The proposed counterfeit detector has a 3% rejection rate of valid coins; this value corresponds to coins altered by abrasion that are usually retired from circulation when arriving to the banks. Local classes were 100% rejected because most of them are very bad copies. The coins from other countries with a similar shape, size and weight than the two-Euro coin were 100% rejected, increasing the rejection rate obtained in [10] for this specific case. Alternatively, most common classes provided by the Departamento de Emisión y Caja of the Bank of Spain for the test were accepted as valid coins as they are very good copies.

6. Conclusions

This work presents the implementation of a two-Euro counterfeit coin detector based on the image acquisition capabilities of the optical mouse sensor. The main advantages of this proposal are the inexpensive cost of the image acquisition system, the integration of the illumination system in the optical sensor, and the compact size design of the counterfeit detector. The main disadvantage is the need to rotate the coin to increase the area covered by the optical sensor but this operation can be accelerated using multiple chips in each side of the coin.

Two detection systems have been proposed and tested. The first procedure is based on the information provided by the internal SQUAL register (roughness information) that can be useful to obtain a unique foot-print of a particular coin but not for general counterfeit detection.

The second procedure is based on the image acquired by the optical sensor that can be used to implement a counterfeit detector based on template matching with reference partial images of a valid coin. Validation results show that valid coins are rejected if they are altered by abrasion (having less relieve); local classes (bad copies) and coins from other countries are 100% rejected as they are visually different; and common classes (good copies) are hardly identified as counterfeit but a trained human has similar acceptance ratio when identifying these coins using only the vision sense.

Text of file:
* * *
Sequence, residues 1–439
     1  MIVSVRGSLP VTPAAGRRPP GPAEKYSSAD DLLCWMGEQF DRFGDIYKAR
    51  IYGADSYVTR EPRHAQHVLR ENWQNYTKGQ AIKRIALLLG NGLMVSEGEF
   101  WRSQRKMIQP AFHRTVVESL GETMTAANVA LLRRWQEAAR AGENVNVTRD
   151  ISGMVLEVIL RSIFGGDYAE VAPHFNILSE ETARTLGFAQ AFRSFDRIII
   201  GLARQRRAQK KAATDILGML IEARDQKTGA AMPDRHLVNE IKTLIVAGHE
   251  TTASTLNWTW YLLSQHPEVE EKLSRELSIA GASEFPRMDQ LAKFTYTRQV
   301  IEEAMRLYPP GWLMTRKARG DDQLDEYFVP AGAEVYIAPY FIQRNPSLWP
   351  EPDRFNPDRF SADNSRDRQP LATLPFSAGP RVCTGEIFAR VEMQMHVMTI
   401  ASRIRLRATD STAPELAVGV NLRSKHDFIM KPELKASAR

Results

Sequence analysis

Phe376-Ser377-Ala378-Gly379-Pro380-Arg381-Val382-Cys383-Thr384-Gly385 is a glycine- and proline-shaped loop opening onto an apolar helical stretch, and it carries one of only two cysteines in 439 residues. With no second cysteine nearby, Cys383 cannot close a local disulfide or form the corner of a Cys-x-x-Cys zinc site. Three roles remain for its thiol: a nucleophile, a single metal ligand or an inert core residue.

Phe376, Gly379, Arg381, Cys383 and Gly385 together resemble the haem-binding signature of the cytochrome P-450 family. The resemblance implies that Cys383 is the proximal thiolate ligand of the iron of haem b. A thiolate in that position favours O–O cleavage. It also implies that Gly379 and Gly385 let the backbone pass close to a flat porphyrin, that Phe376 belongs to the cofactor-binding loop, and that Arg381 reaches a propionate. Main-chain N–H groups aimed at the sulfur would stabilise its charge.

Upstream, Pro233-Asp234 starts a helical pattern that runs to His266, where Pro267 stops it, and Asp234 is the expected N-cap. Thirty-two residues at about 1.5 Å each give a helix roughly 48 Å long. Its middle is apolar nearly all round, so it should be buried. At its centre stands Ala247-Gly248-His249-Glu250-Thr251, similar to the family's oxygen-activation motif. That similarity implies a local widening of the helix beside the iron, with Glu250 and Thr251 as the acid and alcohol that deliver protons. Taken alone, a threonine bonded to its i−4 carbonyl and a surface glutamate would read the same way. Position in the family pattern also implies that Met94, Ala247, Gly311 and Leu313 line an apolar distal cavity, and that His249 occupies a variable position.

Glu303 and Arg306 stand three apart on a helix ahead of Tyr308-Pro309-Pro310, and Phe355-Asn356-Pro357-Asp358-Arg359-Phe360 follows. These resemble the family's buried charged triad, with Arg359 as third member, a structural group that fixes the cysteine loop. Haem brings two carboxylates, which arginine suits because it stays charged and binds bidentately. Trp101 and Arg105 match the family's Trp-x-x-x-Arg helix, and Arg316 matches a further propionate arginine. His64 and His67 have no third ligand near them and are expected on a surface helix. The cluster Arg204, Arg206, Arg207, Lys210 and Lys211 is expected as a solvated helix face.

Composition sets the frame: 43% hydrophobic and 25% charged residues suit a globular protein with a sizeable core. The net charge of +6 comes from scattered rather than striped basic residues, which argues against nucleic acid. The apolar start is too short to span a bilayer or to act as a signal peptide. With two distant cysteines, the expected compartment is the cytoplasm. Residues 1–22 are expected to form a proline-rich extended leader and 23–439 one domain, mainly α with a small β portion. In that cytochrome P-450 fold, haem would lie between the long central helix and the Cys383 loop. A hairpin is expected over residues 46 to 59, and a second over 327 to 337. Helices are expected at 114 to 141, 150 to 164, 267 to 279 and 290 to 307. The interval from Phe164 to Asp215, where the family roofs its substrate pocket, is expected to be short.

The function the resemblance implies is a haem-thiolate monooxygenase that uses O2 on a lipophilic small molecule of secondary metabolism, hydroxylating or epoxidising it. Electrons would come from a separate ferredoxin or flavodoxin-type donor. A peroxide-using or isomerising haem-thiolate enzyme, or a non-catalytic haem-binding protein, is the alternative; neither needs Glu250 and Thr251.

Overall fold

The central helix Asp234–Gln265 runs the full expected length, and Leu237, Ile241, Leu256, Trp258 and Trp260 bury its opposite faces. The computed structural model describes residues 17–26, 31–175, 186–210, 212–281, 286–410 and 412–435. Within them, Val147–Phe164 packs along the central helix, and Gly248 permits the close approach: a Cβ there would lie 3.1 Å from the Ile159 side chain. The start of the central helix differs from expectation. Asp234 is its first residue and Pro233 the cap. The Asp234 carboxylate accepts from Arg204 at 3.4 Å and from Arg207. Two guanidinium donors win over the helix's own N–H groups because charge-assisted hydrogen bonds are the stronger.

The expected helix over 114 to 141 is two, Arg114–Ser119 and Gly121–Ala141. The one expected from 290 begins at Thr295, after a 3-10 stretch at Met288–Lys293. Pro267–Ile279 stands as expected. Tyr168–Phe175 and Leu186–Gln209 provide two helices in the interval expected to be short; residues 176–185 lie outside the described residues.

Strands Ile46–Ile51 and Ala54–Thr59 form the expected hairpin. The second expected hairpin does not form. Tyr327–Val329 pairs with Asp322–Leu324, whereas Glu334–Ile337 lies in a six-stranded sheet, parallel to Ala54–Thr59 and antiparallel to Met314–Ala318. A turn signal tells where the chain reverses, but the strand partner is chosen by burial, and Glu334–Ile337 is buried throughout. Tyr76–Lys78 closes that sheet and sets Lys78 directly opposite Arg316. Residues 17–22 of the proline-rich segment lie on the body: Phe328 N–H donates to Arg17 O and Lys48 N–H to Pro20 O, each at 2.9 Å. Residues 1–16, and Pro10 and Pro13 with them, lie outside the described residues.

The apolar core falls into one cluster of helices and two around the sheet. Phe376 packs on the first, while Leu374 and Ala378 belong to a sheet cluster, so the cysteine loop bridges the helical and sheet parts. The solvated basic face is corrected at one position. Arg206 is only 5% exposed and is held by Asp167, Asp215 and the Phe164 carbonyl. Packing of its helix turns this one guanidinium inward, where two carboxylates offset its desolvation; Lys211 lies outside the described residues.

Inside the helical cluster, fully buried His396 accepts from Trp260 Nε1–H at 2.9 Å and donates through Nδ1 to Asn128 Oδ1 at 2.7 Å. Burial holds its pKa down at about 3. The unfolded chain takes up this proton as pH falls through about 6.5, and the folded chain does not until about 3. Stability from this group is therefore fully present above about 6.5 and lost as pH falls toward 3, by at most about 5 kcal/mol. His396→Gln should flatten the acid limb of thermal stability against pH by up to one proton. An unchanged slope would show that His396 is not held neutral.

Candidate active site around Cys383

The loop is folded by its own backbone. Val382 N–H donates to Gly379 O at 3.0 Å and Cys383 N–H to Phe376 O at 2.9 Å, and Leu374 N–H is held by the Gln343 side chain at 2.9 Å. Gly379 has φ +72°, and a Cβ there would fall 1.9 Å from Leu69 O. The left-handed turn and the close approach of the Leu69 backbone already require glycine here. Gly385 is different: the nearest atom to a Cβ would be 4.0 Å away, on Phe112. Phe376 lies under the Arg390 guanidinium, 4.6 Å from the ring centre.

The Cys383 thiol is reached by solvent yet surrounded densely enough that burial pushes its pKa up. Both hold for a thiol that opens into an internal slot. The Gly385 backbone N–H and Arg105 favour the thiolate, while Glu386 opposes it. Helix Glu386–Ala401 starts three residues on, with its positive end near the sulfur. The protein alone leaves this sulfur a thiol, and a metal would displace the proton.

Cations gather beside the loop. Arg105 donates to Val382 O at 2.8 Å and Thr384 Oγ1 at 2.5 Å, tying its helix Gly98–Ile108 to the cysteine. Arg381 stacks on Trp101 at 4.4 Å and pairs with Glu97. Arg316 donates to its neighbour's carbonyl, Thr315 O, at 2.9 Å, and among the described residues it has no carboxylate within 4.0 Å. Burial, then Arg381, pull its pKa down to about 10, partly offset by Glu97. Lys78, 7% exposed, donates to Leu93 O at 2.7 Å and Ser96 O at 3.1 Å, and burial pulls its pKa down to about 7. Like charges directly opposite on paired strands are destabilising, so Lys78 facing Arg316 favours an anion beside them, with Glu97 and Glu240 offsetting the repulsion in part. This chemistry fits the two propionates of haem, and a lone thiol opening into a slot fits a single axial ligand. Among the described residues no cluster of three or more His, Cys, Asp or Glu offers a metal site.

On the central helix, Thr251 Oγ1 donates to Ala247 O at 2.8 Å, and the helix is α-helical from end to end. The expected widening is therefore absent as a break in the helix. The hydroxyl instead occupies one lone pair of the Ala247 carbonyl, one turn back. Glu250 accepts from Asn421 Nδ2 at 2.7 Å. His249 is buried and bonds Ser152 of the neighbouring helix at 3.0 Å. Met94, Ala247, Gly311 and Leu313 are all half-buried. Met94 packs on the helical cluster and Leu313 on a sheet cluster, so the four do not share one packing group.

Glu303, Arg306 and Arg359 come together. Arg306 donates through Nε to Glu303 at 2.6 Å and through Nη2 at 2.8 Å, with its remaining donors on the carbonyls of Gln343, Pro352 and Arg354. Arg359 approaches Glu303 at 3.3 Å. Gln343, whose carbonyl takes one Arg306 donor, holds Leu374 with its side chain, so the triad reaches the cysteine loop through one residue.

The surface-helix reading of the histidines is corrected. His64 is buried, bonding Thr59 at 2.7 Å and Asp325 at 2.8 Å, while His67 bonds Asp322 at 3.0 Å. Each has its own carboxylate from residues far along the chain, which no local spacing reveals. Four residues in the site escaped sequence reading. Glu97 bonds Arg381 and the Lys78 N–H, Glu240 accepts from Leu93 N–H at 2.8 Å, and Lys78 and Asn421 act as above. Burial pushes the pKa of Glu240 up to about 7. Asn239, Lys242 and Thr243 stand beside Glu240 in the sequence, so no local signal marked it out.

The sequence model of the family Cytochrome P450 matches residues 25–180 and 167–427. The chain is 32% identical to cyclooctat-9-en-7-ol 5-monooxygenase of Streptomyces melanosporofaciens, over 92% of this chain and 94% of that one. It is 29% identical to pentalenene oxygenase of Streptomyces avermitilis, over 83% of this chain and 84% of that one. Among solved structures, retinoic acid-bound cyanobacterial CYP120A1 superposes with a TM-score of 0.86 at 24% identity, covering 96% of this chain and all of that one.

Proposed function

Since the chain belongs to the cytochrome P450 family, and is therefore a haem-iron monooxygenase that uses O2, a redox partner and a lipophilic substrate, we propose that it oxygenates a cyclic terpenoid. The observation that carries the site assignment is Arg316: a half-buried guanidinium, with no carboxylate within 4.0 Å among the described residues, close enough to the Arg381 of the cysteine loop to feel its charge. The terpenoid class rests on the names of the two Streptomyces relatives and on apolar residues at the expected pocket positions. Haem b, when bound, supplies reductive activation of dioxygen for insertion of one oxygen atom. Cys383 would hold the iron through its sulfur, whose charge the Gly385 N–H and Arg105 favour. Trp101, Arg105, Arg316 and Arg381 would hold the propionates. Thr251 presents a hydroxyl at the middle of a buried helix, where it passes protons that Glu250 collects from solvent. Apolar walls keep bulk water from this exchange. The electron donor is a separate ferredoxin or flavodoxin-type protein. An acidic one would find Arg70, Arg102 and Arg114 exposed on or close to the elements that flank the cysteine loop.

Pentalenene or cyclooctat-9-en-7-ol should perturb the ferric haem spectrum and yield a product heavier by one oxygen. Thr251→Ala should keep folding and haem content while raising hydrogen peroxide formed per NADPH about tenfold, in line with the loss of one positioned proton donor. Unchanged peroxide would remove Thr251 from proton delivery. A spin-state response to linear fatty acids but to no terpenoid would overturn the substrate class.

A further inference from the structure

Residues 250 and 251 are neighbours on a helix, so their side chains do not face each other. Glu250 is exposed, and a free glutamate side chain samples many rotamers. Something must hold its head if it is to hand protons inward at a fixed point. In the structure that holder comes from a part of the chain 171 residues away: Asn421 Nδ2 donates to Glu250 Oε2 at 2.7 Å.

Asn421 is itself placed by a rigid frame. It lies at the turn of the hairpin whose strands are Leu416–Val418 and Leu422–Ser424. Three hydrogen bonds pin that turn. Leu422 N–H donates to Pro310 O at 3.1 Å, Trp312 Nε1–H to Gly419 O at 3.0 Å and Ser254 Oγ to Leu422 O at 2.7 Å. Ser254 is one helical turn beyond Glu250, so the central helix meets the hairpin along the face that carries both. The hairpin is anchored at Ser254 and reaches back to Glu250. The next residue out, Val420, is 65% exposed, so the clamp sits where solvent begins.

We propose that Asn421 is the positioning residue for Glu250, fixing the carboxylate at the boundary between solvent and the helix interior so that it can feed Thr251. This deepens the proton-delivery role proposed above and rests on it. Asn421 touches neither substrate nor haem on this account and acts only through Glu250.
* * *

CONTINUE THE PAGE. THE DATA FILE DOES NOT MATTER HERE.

The authors want to thank the collaboration of the Departamento de Emisión y Caja of the Bank of Spain for providing the counterfeit coins retired from circulation used in the validation. This work has the support of the Government of Catalonia (Comissionat per a Universitats i Recerca, Departament d’Innovació, Universitats i Empresa) and the European Social Fund.

References and Notes

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Figure 1. Common side of all two-Euro coins minted before 2007 (left) and minted from 2007 onwards (right).

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Figure 1. Common side of all two-Euro coins minted before 2007 (left) and minted from 2007 onwards (right).
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Figure 2. Counterfeit Euro coins detected in circulation up to 2007.

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Figure 2. Counterfeit Euro coins detected in circulation up to 2007.
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Figure 3. Number of newly two-Euro counterfeit common classes.

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Figure 3. Number of newly two-Euro counterfeit common classes.
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Figure 4. Sectional view of assembly components for the ADNS-3088 sensor (courtesy of Avago).

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Figure 4. Sectional view of assembly components for the ADNS-3088 sensor (courtesy of Avago).
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Figure 5. Dynamic evolution obtained from the SQUAL register when the optical mouse sensor is moving over a white paper with a transversal black line of 1.2 mm width.

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Figure 5. Dynamic evolution obtained from the SQUAL register when the optical mouse sensor is moving over a white paper with a transversal black line of 1.2 mm width.
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Figure 6. Some images captured by the ADNS-3088 optical mouse sensor when moving over a black line of 1.2 mm width.